“He seems to be here again.” This was the gossip in Tokyo’s financial market recently—the “he” referring to Stephen Schwarzman, co-founder and chief executive of The Blackstone Group L.P., a US private equity firm. A source said Schwarzman, a close associate of US President Donald Trump, visited Japan twice in as many months for meetings with government officials and financial executives. His aim, apparently, was to market Blackstone’s $40 billion open-ended infrastructure investment fund.

Schwarzman has strong ties to Japan. Nikko Securities, now SMBC Nikko Securities, Inc., helped him through troubled times when he founded the private equity firm in 1985. But his recent visits might also be an indication that he is struggling to drum up cash for the infrastructure fund.

Blackstone secured $20 billion from the Public Investment Fund of Saudi Arabia, but the source said it had been counting on a much larger figure from the Saudis. Facing a budget deficit in 2017 for the fourth consecutive year, Riyadh is not splurging like it used to.

Another apparent miscalculation on Blackstone’s part relates to China. The source said, “China has become reluctant to move funds outside of the country, and the need to search for other investors became urgent.”

For years, Chinese money was all the rage in global finance, exemplified by a string of high-profile business acquisitions and real-estate investments.

That began to change last year. In November, banks received guidance to tell the central government about any foreign exchange transaction worth at least $5 million. The rule created an extra hurdle for funding overseas investments.

China also banned banks from selling more foreign currency than they buy. If a bank is doing this, it means it is supplying foreign funds to businesses. This, in turn, could contribute to capital outflows and the depreciation of the yuan.

The guidance and ban had immediate effects. Foreign direct investment by Chinese enterprises in the first six months of 2017 totaled $48.1 billion, down 45 percent from the same period last year.

China watchers are not anticipating a dramatic recovery in the country’s foreign investment any time soon. A notice the State Council issued in August appears to support their view—it restricts investments in real estate, hotels, entertainment facilities, and other targets while encouraging investments in countries that support China’s Belt and Road Initiative.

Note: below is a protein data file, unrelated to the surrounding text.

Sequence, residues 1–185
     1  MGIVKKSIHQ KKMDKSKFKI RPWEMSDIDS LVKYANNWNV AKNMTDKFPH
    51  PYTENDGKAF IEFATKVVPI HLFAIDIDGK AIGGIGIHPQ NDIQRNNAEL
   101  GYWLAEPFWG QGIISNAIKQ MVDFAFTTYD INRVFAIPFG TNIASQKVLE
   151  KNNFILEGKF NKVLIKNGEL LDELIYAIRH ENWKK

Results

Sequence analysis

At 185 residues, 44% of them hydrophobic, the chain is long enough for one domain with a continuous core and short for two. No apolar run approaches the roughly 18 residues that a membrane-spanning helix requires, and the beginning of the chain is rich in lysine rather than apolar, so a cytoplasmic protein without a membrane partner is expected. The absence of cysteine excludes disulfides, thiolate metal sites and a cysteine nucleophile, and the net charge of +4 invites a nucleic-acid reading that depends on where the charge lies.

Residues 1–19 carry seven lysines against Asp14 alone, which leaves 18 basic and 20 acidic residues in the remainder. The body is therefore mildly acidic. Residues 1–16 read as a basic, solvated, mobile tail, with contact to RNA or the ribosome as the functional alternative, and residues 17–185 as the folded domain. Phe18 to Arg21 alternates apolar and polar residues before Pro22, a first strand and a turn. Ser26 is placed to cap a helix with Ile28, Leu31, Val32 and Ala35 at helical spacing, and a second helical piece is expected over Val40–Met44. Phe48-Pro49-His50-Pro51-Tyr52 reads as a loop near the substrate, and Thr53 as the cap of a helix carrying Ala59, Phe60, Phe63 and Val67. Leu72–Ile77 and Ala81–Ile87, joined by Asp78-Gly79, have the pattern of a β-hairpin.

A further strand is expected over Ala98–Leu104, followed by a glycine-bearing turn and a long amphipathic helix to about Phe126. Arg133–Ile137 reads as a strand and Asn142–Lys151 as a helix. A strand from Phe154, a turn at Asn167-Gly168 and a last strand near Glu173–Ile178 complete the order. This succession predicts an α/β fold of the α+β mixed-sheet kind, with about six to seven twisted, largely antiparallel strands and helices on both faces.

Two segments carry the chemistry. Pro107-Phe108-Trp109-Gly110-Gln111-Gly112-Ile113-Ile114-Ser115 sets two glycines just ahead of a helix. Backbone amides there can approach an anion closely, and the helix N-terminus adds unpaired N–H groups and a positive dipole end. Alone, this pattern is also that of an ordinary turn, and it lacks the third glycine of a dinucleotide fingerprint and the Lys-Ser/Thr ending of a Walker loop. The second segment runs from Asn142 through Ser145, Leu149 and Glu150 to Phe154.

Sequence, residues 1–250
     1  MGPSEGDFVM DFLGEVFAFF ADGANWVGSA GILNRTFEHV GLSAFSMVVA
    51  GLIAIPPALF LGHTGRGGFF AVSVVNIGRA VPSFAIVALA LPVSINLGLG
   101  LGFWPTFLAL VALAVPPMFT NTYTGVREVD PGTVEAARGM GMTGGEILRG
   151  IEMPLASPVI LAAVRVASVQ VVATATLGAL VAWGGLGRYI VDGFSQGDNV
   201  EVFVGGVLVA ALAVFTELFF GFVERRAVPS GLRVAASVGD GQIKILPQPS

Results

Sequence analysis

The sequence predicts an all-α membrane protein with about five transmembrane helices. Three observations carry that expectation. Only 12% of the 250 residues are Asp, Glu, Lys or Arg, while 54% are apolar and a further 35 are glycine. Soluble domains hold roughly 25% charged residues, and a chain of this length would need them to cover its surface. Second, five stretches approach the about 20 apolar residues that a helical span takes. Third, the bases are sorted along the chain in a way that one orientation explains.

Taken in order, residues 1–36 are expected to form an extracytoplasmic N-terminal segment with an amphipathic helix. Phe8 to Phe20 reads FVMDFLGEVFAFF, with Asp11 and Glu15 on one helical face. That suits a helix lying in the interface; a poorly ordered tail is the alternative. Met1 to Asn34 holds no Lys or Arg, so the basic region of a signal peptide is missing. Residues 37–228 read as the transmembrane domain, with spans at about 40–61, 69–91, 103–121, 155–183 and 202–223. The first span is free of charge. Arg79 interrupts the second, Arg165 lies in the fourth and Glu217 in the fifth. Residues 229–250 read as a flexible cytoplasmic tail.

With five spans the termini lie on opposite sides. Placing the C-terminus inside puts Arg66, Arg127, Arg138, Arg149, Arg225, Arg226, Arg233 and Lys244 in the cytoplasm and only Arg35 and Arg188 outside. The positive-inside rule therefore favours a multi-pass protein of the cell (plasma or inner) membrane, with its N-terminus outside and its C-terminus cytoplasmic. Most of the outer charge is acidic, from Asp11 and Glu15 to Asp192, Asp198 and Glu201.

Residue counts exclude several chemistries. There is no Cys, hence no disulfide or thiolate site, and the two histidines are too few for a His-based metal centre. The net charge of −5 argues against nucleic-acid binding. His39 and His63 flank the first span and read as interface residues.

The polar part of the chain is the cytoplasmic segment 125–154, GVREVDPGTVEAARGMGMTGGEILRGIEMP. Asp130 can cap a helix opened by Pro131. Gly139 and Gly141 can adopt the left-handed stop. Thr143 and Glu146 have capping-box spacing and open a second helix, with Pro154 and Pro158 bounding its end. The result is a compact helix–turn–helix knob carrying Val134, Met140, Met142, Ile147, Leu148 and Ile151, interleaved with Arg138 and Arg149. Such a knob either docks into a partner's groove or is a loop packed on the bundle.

In short, only invest in what Beijing approves of.

Since global financial institutions can no longer count on sponging up Chinese and Saudi money, they have turned to Japan by a process of elimination. Japanese money has not garnered this much international attention since the bubble days of the 1980s.

One might expect to see more urgency on the Japanese side.

In February, reports emerged that the Government Pension Investment Fund (GPIF)—one of the world’s largest public pension funds—would invest in a US infrastructure fund on orders from the Japanese government. Yet GPIF President Norihiro Takahashi quickly refuted the reports.

The leader of a major financial institution visited by Blackstone’s Schwarzman was also hesitant to open the vault. “We won’t shut the door in his face, because he took the trouble of coming to see us,” the executive said. “But seeing him does not automatically mean we will invest [in the fund].”

Still, the reality is that Japan is awash with money. Household financial assets exceed ¥1.8 quadrillion. Cash and deposits sitting in Japanese companies, excluding financial institutions, stood at a record high of ¥191.6 trillion at the end of June.

Playing ball with foreign institutions could be beneficial for Japan. Before tightening its capital controls, China dramatically increased its global influence with headline-grabbing foreign investments. Japan could do the same.

Some institutional investors are beginning to grasp the opportunity, namely trust banks and life insurers. Not long ago, they were bogged down with nonperforming loans and negative spread problems, respectively. Now players in both sectors are going on the offensive.

Mikio Ikegaya, CEO of Mitsubishi UFJ Trust and Banking Corporation, has earmarked ¥1 trillion for acquiring asset management companies. Nippon Life Insurance Company, Japan’s largest life insurer, is planning to invest ¥1.5 trillion over the next four years—mainly for acquisitions—and is in final negotiations to invest in US asset management company TCW Group, Inc. The question is whether other institutional investors will follow their lead.

Japan has a choice: resign itself to lost decades and financial obscurity, or recapture its mojo as an important player in global finance.

Nikkei staff writer Yusho Cho in Shanghai contributed to this story.

Japan has a choice: resign itself to lost decades and financial obscurity, or recapture its mojo as an important player in global finance.